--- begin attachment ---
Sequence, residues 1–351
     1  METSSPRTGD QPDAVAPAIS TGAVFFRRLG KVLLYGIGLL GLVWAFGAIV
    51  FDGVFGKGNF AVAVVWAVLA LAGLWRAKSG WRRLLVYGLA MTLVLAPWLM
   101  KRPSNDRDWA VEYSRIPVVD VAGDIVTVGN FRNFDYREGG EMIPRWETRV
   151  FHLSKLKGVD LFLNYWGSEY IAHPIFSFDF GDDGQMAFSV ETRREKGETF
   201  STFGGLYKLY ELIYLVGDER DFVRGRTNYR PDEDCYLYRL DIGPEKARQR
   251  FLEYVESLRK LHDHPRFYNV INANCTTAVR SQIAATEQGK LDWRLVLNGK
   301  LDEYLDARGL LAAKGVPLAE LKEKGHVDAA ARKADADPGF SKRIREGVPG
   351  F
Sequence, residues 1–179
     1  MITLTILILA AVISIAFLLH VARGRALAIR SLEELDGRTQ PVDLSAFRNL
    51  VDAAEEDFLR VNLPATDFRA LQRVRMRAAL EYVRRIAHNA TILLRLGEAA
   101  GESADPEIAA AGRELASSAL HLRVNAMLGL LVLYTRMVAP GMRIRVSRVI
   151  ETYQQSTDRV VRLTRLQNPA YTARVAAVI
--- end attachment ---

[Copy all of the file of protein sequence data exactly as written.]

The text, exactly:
Sequence, residues 1–351
     1  METSSPRTGD QPDAVAPAIS TGAVFFRRLG KVLLYGIGLL GLVWAFGAIV
    51  FDGVFGKGNF AVAVVWAVLA LAGLWRAKSG WRRLLVYGLA MTLVLAPWLM
   101  KRPSNDRDWA VEYSRIPVVD VAGDIVTVGN FRNFDYREGG EMIPRWETRV
   151  FHLSKLKGVD LFLNYWGSEY IAHPIFSFDF GDDGQMAFSV ETRREKGETF
   201  STFGGLYKLY ELIYLVGDER DFVRGRTNYR PDEDCYLYRL DIGPEKARQR
   251  FLEYVESLRK LHDHPRFYNV INANCTTAVR SQIAATEQGK LDWRLVLNGK
   301  LDEYLDARGL LAAKGVPLAE LKEKGHVDAA ARKADADPGF SKRIREGVPG
   351  F
Sequence, residues 1–179
     1  MITLTILILA AVISIAFLLH VARGRALAIR SLEELDGRTQ PVDLSAFRNL
    51  VDAAEEDFLR VNLPATDFRA LQRVRMRAAL EYVRRIAHNA TILLRLGEAA
   101  GESADPEIAA AGRELASSAL HLRVNAMLGL LVLYTRMVAP GMRIRVSRVI
   151  ETYQQSTDRV VRLTRLQNPA YTARVAAVI